Safer Gambling Weekly Round-Up, by Dam Mad Media
It has been quite an interesting week in the world of Safer Gambling so let’s jump right in.
The big news came on Wednesday, with GambleAware announcing they had received voluntary donations to the tune of £19million from UK-licensed operators in the year up to 31 March 2021.
This represented an approximate increase of £9million compared to a year earlier, with the majority of the monies (£15.4million) coming from the UK’s ‘Big Four’ operators – Entain Plc, William Hill, Flutter Entertainment, and bet365.
Flutter were the most impressive of this group, providing £9.3million in direct donations. This was followed by Entain’s £4.3million. In addition to the voluntary funding, GambleAware also received a further £8.8million in regulatory settlements.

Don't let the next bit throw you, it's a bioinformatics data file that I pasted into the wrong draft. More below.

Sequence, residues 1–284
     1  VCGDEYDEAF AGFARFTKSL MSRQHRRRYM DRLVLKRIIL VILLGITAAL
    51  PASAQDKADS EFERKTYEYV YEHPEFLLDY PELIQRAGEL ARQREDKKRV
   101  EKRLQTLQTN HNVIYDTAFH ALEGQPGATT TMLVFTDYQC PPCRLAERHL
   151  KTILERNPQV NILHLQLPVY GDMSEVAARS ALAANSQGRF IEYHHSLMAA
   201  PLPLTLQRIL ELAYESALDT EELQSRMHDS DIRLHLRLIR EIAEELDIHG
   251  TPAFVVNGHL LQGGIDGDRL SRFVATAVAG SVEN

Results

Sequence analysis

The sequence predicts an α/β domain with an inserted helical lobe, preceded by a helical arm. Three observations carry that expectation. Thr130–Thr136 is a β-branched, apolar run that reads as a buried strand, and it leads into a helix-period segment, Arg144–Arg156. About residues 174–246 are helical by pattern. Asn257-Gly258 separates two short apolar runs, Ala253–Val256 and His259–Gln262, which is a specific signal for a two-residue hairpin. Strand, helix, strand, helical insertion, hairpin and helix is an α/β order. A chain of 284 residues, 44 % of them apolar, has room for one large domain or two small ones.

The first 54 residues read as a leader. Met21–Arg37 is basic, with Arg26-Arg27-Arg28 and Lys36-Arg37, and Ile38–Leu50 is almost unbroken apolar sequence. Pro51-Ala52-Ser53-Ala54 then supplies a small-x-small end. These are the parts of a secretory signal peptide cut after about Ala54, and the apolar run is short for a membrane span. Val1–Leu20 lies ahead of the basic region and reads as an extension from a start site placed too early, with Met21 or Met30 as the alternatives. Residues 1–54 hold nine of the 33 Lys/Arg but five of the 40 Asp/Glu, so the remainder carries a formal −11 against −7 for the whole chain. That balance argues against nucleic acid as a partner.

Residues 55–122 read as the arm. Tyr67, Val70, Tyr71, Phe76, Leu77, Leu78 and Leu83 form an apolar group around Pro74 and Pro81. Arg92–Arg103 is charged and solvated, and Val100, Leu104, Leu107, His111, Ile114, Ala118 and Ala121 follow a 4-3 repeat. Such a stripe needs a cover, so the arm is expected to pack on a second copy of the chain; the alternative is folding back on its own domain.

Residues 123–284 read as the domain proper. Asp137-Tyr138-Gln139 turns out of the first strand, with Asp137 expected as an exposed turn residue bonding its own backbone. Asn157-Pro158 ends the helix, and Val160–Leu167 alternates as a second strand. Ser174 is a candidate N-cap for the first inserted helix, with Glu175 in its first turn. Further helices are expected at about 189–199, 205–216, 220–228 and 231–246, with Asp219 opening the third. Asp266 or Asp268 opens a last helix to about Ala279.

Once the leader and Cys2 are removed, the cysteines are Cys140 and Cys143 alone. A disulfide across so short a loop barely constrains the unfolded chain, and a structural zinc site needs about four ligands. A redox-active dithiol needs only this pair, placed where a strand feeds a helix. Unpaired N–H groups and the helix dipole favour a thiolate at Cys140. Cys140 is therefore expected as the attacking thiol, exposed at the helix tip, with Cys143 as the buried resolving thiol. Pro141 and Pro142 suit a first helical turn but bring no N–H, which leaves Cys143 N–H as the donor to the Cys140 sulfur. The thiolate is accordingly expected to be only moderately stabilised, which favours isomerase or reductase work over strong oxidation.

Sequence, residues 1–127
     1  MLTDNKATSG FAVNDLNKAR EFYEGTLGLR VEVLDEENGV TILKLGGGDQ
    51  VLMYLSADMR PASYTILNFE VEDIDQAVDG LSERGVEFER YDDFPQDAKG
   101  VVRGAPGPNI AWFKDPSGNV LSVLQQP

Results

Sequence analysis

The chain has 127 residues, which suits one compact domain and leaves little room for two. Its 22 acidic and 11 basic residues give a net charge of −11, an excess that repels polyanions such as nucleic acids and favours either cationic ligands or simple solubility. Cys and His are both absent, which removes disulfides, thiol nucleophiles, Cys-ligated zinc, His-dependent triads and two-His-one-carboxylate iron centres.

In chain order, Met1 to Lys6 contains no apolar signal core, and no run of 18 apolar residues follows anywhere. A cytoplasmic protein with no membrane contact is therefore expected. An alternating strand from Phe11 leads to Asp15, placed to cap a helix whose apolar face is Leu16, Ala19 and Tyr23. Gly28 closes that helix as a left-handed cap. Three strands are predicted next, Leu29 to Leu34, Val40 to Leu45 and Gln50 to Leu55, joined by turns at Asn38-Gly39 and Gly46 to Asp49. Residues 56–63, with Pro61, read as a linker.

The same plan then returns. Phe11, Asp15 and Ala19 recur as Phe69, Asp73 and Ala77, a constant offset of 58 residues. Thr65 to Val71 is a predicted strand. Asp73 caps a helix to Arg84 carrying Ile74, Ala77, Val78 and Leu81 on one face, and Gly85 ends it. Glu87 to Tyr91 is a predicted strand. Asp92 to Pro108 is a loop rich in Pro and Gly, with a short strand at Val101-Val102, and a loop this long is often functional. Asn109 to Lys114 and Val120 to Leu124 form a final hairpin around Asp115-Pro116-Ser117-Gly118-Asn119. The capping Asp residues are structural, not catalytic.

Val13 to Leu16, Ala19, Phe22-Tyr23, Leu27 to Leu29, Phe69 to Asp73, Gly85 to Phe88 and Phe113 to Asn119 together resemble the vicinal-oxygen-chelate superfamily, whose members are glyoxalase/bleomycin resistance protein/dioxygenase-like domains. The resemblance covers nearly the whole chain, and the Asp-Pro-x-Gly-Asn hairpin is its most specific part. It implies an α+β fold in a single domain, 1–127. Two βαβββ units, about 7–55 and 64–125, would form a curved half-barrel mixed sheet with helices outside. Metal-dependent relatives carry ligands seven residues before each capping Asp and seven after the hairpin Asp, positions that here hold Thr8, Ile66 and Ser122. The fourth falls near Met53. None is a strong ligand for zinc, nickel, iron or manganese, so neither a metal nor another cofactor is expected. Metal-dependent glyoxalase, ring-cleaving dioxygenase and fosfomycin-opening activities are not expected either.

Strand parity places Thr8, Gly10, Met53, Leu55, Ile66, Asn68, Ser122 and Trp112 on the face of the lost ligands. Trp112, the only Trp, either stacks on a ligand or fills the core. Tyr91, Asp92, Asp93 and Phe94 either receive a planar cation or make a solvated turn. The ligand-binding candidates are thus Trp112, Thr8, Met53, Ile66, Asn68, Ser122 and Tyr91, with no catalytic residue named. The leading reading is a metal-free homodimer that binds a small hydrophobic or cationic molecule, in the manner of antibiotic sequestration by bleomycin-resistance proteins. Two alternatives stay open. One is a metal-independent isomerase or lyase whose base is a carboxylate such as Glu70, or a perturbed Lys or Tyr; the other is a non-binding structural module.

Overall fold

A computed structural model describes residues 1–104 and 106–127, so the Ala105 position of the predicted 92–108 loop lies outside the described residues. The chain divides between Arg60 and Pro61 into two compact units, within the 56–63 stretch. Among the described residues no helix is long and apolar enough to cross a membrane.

The CEO of GambleAware, Zoë Osmond, said: “This growth in donations is the largest we’ve seen year on year driven largely as a result of the commitment by the ‘Big Four’.
“This will enable us to continue and expand our work to ensure evidence-informed services are developed according to need within a robust and accountable system. We will shortly be releasing our commissioning strategy which will detail how we plan to use this increased funding to help keep people safe from gambling harms.”
Speaking of research, education and treatment (RET) – initiatives that much of this funding will support – GamCare have also called for an increase in investment in these areas.